The claim form and particulars of claim
If practicable, the particulars of claim should be set out in the claim form or, alternatively, served as a separate document albeit at the same time, or within 14 days after service of the claim form provided that this is not later than 4 months from the date of issue of the claim form.
If the particulars of claim are not included in, or have not been served with the claim form, the claim form must also contain a statement that particulars of claim will follow.
Where served separately from the claim form, the particulars of claim must contain the name of the court in which the claim is proceeding, the claim number, the title of the proceedings and the claimant’s address for service.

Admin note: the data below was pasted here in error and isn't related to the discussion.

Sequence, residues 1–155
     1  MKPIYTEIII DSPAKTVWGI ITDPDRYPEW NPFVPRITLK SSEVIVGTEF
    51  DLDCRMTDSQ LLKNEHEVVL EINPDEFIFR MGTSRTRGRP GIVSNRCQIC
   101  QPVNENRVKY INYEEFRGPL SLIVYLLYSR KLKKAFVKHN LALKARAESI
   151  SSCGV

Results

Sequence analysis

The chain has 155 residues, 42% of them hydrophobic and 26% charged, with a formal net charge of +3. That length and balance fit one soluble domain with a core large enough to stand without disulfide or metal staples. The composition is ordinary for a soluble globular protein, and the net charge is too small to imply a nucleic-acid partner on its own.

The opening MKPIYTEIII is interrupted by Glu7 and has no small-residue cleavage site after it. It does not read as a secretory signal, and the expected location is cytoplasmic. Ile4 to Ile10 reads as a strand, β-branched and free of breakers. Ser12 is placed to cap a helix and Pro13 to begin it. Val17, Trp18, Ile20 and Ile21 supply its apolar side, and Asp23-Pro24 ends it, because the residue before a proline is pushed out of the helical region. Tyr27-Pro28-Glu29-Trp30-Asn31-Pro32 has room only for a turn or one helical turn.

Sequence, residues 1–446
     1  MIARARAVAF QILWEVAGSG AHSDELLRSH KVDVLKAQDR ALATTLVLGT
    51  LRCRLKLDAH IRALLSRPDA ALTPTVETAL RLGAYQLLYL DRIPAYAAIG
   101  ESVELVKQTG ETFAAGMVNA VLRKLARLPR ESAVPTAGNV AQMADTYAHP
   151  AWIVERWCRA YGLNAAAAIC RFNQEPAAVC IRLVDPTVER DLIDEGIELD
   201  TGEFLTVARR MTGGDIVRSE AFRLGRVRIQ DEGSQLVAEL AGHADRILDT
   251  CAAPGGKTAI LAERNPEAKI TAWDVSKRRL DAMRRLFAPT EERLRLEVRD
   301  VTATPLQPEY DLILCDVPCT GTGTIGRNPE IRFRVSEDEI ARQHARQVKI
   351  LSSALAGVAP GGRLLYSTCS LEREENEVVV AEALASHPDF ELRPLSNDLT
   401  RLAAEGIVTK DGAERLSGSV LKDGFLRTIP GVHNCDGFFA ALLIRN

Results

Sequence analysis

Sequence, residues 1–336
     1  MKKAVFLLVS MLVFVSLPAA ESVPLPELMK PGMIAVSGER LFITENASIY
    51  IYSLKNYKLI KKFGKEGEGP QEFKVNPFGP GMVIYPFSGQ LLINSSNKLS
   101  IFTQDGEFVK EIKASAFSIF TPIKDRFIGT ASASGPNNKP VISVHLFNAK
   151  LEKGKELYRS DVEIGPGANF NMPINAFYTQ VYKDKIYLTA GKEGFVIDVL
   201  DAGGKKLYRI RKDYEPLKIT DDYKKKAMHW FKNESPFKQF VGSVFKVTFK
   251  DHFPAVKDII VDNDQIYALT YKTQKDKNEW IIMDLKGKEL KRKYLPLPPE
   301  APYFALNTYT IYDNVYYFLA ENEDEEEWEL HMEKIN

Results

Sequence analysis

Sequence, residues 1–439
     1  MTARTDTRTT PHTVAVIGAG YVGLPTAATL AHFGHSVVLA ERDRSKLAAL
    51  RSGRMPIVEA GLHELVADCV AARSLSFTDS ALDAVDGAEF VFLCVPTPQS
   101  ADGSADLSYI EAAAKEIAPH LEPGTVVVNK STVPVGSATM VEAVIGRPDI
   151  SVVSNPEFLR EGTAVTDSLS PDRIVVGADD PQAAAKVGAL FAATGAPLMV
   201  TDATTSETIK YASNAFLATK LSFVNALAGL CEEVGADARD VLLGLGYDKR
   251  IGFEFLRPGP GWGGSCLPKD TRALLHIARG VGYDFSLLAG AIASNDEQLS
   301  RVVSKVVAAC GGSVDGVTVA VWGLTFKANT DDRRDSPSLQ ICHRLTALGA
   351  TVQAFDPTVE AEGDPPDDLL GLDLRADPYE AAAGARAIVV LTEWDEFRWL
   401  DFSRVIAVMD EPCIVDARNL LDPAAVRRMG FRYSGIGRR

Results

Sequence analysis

As with the particulars of claim, the claim form itself must also contain certain key information, namely:
A concise statement of the nature of the claim.
Specify the remedy that the claimant seeks, for example, damages or injunctive relief. The particulars of claim, where served separately, should also briefly repeat the remedies that the claimant seeks from the court.
Where the claimant is making a claim for money, contain a statement of value, ie; the amount of money claimed. This should also include the bracket within which the claimant expects the value of their claim to fall (expressed as not more than £10,000, more than £10,000 but not more than £25,000, or more than £25,000).
Where the claimant’s only claim is for a specified sum, contain a statement of the interest accrued on that sum.